With this generation – somewhere between baby boomer and Gen X – the superhero comic becomes a fundament of childhood, a crucial scenography against which one’s own origin took shape (or flight). Comics become a crucial site of escape to, rather than escape from, a protected terrain of self-definition (assuming one is a certain kind of adolescent boy) […] (113).
In Bukatman’s essay Franzen is not one of those kind of adolescent boys: ‘[Franzen] tried, perhaps a bit too hard, to interweave family history with an appreciation of Charles Schulz’s Peanuts’ (113) . But Franzen does use comics as a ‘crucial scenography’. Like Lethem Franzen, in his recountings of those early encounters, writes himself as the kind of child reader who ‘escaped to’ the comic. And, like these other authors, for Franzen comics offered a place of arrested development: the comic book page functioned as a point of orientation at which the child learned to identify himself as a character.
For Franzen: Snoopy ‘was the perfect sunny egoist, starring in his ridiculous fantasies and basking in everyone’s attention. In a cartoon strip full of children, the dog was the character I recognized as a child’ (29). This sentiment is disingenuous; in practice a reader takes away the impression that Franzen’s identifying Snoopy as a child is more his identifying himself as unlike other children. For Franzen children are always self-absorbed, ‘sunny egoists’. This manifests as difference in that they are always apart from the world, and potentially each other. In Lethem’s writing on the comics of his childhood the comics did not offer difference – they offered connection and connectedness not only in that they were shared and passed around but also in that they became a site for tracing notions of cultural ‘influence’ at the level of the text whilst endorsing the idea of ‘origin’ at the level of the story. For the child-Lethem the politics of comics were those of allegiance through immersion: pick an author, pick a generation, immerse yourself in its idiom, defend it against all others, but importantly, with others. On why he decided to ‘side’ with Luke over Karl when it came to the return of Jack Kirby to Marvel comics (representing the return of the old guard, the golden era of his parents’ youth) against the accusation that Kirby’s return heralded the end of something much better (a next generation that had been), Lethem writes: ‘[Luke] and I were partnered in a more baroque strategy, of rejecting childishness by identifying with our parents, and by sneering at rebellion as childish. As paltry new teenagers we adopted a “you can’t fire me, I quit” position’ (65). The brutal, comic, honesty of adult-Lethem on his childhood posturing writes comics into the discursive frame of the essay itself—the comic books were, and are, the argument, the argument is the essay, the essay, that ‘action or process of trying or testing’, this action both the recollection of, and the formative experience itself (OED n.1).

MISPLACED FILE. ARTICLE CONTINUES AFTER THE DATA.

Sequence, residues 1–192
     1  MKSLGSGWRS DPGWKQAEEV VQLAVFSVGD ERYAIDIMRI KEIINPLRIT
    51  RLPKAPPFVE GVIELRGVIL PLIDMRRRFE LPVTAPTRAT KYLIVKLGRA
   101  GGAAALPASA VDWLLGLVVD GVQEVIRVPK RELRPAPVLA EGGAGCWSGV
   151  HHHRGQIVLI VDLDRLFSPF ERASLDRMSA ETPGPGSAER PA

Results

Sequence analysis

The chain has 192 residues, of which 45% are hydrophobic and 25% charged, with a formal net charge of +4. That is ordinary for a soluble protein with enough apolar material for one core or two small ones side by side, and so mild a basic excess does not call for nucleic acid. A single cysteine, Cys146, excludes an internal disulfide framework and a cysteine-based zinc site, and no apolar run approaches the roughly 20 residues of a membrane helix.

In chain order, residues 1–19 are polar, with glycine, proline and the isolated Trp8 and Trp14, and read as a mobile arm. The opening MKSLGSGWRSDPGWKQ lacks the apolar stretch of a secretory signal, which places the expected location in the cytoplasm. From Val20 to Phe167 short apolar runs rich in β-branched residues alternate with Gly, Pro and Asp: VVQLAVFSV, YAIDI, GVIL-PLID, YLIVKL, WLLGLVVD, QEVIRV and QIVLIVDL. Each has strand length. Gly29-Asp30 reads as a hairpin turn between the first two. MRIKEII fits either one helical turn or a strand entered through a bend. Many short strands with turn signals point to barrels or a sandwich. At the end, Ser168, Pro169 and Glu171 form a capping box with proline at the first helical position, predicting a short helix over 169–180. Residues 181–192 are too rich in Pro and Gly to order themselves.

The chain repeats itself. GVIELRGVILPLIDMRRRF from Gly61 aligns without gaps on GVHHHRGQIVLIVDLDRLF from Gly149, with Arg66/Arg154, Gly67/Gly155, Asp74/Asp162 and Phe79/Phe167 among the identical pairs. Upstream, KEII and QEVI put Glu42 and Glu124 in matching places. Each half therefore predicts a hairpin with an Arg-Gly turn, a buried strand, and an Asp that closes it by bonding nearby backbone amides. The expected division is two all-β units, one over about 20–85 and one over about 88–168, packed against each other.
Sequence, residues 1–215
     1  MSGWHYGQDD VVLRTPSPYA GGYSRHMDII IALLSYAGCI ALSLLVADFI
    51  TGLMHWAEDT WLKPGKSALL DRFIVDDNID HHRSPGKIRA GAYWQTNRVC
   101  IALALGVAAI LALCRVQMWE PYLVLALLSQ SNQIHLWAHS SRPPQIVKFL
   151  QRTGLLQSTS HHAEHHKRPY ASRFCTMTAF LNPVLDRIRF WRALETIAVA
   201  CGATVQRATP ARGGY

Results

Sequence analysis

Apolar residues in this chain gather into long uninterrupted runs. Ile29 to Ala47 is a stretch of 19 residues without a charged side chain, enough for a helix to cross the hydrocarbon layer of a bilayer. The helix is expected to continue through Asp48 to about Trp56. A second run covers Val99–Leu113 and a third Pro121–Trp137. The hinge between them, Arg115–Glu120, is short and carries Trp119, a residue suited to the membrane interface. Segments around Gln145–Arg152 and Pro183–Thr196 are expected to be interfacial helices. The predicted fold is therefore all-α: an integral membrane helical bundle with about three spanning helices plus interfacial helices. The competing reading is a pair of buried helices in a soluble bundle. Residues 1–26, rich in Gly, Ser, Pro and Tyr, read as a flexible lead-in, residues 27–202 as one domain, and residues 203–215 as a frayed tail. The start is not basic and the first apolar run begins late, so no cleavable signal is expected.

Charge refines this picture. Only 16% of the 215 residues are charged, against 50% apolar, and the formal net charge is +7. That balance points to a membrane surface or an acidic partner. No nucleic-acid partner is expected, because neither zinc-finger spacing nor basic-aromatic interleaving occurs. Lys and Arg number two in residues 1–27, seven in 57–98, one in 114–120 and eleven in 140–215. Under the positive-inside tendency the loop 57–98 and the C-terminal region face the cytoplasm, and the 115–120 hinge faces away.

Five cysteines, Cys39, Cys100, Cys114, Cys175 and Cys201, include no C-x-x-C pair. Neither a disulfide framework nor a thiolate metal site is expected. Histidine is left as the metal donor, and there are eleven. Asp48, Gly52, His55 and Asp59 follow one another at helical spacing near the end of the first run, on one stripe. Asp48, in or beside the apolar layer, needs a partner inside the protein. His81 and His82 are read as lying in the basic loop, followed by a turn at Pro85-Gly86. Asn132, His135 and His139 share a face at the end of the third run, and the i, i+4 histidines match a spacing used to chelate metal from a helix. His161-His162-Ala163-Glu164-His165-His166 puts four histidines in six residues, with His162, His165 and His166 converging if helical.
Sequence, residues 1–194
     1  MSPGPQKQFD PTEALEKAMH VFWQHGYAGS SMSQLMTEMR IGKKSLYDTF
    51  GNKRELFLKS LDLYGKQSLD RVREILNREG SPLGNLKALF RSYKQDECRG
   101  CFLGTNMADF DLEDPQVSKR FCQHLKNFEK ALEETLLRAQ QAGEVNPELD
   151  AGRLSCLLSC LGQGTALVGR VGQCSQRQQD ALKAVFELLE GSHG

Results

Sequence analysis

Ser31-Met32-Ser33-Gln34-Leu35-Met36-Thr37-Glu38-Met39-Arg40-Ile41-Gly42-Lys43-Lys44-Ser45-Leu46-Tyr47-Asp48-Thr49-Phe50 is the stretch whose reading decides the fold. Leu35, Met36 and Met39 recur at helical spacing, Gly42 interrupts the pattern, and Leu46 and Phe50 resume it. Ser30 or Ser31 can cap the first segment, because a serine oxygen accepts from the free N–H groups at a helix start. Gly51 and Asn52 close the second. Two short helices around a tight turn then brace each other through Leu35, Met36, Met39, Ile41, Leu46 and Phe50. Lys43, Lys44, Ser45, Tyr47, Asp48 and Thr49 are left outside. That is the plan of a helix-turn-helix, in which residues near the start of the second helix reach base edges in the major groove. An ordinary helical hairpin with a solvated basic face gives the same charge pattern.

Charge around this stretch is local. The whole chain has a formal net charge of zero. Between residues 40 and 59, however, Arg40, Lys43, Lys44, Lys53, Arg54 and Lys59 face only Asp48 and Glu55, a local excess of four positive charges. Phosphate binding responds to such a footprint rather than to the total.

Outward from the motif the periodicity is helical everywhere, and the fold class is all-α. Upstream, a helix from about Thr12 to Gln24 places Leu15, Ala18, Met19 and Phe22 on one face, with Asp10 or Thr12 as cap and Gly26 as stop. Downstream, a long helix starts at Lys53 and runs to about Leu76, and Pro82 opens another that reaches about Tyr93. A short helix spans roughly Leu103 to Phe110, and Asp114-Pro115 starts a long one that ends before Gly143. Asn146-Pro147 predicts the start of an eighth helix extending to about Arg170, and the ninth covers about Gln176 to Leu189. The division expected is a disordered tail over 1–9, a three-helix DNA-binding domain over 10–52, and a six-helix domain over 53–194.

Boys and their… cherished objects
‘On my night table was the Peanuts Treasury, a large, thick hardcover compilation of daily and Sunday funnies by Charles M. Schulz. My mother had given it me the previous Christmas, and I’d been re-reading it at bedtime ever since’ (29). Franzen’s most memorable encounters with Peanuts are precious; they are bound and reified in a book that is a permanent object, and a persistent presence. The book sanctifies Peanuts as literature, as a subject-object worthy of Franzen’s considered writing. The book is also wholly separate from family life and social relationships; its place is on the bedside table. There is a kind of performance of a particular type of private reading here, one that is only undercut by the humour of thinking about the oh-so-serious child Franzen communing with a comic—albeit a droll one. The thickness and seriousness of the Peanuts collection verifies the seriousness and thickness (the depth) of the child. The two figures alone – the book and the boy – seem to communicate not a picture of a boy immersed in these stories, but a boy accompanied by a book. The adult Franzen looks back on this encounter as formative. He doesn’t explicitly say so but echoes of this image are all over his fiction and non-fiction prose: the serious act of reading as a moment apart. Perhaps more particularly the adult author Franzen writes his child self as having required solace (from his family); the child subject of this essay is always-already an author (he is only the reconstruction of Franzen the adult author), an author who has publicly spoken, and written, about his own need to ‘be alone’.